Life cycles and adult sizes of five co-occurring species of Arion slugs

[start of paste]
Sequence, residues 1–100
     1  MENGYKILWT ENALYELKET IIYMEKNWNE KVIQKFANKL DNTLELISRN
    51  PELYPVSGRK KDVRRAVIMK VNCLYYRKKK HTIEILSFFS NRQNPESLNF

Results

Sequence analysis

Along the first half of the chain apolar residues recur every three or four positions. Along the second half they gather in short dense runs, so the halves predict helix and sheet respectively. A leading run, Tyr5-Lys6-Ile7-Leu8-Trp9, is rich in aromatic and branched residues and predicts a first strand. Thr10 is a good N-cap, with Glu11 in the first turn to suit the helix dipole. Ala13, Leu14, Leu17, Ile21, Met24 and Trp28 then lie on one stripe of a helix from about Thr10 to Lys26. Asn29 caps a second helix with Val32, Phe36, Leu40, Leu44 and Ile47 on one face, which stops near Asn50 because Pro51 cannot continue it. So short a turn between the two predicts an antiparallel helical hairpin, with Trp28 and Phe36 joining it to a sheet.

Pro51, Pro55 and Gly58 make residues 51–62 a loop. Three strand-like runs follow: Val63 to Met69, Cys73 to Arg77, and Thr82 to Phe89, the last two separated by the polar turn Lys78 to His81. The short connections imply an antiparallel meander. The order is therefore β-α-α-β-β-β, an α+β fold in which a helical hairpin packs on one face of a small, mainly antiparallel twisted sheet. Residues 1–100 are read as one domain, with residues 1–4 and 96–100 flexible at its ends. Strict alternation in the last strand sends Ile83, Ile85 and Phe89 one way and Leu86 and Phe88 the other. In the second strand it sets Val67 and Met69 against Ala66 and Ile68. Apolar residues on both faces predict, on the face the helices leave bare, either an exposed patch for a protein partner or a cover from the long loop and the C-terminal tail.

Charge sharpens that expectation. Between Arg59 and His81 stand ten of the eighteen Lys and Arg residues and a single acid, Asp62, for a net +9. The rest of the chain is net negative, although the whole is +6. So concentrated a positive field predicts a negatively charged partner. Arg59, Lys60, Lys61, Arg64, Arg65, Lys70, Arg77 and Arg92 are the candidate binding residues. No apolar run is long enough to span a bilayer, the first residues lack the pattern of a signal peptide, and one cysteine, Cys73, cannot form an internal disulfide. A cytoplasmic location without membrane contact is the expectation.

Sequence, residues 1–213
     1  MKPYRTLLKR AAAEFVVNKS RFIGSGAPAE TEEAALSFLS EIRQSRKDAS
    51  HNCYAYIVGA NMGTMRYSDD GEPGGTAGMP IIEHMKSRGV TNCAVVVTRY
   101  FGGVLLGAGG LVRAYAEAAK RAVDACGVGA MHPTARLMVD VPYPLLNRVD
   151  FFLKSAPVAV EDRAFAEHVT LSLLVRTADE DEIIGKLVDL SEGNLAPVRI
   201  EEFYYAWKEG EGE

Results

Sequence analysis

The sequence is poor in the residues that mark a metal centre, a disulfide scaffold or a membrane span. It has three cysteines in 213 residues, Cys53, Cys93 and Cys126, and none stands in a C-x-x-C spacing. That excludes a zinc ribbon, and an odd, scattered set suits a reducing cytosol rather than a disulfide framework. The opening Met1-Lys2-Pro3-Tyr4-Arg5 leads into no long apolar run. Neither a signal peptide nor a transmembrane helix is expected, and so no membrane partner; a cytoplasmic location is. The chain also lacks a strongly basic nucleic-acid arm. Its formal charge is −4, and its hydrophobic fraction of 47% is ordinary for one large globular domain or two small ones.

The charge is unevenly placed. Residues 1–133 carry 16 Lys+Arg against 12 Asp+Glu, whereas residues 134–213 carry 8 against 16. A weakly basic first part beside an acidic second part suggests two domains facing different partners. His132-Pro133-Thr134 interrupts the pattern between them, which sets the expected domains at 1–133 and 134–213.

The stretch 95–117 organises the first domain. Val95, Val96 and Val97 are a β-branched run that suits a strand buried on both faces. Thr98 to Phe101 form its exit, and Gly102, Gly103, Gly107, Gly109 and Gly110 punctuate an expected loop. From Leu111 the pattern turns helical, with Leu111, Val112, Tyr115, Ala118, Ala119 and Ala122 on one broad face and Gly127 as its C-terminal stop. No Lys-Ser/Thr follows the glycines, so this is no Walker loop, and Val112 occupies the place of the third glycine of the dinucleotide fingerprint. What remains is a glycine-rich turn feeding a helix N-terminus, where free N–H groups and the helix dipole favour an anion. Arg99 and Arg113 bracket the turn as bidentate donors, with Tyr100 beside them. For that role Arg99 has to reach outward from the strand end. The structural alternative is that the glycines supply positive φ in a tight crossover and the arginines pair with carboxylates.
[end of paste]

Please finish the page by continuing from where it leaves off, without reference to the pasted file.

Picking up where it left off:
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Five species of Arion slugs were collected repeatedly at a woodland site in southern England and all individuals weighed. Selected samples of these were dissected so as to weigh components of the reproductive tract. The relative weights of the gonad, spermoviduct and albumen gland provided the basis to categorize individuals into adult, subadult or immature classes, or as juvenile if the sum of these weights was below a threshold. This procedure was validated by raising A. subfuscus in captivity and killing at a range of known ages before and after egg laying. In the other species, organ weights from individuals observed to have laid eggs or mated also helped to calibrate the divisions. Such data from two species demonstrated that, following the production of an egg clutch, the albumen gland took days gradually to regrow. There was little evidence of much variation in life cycle from year to year and the broad patterns, although not precise timings, agreed with studies elsewhere. No species produced more than one generation per year and in all there was a season (brief in A. subfuscus) when adults were absent. The life cycles were predominantly annual, although in some species a minority of individuals might take 18 months to mature. The time of year at which individuals matured into adults varied between species: A. intermedius in August and September, A. distinctus mostly in December and January, A. circumscriptus mostly January to April, A. subfuscus April to early October and A. rufus July to September. The largest two species thus dominated in summer, but at other times the species overlapped considerably in size. In four species, individuals maturing later in the season did so at a smaller size; the possible exception was A. intermedius, in which maturation was highly synchronized. The coefficients of variation in adult size were compared against a collection of such data from other terrestrial molluscs. The smallest species, A. intermedius, had disproportionately large hatchlings.

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